7. karelys
    karelys says:

    this is so interesting. both your kids seem to be gifted in different areas. i began watching a japanese show and the central characters are extremely gifted. and they look just like your kids. black hair and blond/brown hair.

    that’s the first thing i thought of when i saw this pic.

  8. karelys
    karelys says:

    except that the black haired character “L” has crazy hair like your younger kid. the prim and proper brunette character looks like your older son.

  9. Jodie
    Jodie says:

    Deciding who’s gifted is complicated. My son is in junior high and doing reading, writing and social studies at the beyond high school level, according to several tests during the last two years (in other words, one was not a fluke). His math scores are average and that’s fine. But the teachers don’t see his advanced levels the same way as the tests. He’s quite bored and is clearly not paying attention as he should — which is typical of gifted kids. Anyway, we’re thinking of homeschooling because he will do better in a class of one where he can pursue his interests than a class of 30. Have you checked out the numerous gifted websites for kids? Lots of resources for homeschoolers, if you’re interested.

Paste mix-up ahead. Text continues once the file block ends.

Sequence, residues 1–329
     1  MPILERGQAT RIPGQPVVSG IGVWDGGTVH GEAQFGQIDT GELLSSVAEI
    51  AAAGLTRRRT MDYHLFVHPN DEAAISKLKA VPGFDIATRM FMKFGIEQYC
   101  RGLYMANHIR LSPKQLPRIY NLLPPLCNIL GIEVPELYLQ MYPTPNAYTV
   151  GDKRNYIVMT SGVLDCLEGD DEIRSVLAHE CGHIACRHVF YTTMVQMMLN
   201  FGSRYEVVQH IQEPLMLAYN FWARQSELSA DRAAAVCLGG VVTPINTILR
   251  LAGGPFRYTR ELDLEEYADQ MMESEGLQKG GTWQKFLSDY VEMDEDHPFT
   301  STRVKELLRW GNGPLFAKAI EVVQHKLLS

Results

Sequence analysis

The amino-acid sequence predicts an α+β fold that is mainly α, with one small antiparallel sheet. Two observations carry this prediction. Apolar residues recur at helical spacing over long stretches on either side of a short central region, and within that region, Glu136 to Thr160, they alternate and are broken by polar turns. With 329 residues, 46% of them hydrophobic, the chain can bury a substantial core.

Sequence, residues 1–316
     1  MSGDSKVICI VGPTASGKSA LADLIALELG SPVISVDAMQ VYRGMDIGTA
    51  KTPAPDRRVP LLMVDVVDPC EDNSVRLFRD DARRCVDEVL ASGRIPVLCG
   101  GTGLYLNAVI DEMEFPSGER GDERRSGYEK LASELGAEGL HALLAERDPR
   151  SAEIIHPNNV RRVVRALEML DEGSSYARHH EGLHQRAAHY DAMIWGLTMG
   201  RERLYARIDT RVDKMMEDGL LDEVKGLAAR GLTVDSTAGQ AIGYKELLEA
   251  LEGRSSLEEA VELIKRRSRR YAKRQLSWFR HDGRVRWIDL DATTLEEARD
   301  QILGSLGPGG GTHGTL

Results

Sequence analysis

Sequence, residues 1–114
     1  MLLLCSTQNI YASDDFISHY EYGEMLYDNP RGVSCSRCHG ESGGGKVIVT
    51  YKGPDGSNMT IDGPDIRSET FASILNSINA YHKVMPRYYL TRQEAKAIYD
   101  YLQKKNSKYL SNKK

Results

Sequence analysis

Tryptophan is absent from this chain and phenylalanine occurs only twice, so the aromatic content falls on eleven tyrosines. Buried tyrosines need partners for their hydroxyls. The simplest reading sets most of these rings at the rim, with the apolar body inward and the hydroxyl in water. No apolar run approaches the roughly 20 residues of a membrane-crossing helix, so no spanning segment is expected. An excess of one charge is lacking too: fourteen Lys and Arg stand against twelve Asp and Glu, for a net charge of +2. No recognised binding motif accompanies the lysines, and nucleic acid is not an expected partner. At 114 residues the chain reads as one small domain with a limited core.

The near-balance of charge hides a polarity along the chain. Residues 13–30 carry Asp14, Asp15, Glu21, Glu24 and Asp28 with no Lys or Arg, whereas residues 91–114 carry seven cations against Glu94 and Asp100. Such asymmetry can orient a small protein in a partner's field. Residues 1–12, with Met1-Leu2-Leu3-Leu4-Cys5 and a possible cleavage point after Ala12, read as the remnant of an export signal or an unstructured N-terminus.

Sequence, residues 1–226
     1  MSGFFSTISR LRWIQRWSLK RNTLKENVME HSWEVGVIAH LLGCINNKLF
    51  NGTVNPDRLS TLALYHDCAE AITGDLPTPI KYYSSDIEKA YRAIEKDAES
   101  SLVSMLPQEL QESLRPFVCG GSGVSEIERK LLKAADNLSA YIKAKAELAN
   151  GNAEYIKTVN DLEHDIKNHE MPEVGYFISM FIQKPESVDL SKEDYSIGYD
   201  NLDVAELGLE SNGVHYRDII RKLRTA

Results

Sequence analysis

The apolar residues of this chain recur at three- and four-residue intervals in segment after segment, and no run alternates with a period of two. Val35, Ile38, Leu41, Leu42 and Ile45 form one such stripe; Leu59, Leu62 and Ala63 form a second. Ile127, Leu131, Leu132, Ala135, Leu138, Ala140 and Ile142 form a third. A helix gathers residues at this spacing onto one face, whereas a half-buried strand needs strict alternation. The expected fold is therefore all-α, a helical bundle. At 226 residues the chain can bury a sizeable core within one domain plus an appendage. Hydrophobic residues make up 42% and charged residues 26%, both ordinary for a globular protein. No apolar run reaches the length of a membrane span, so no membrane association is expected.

10. Sara Gallagher
    Sara Gallagher says:

    I’ll bet your kiddos are just as excited as you are to graduate to a new workbook! I love reading about the work being done to incorporate gaming concepts (like “leveling up”) into education. Cracked.com did a great comedy piece recently about the science behind addictive video games. It’s about time we started applying some of those concepts to learning!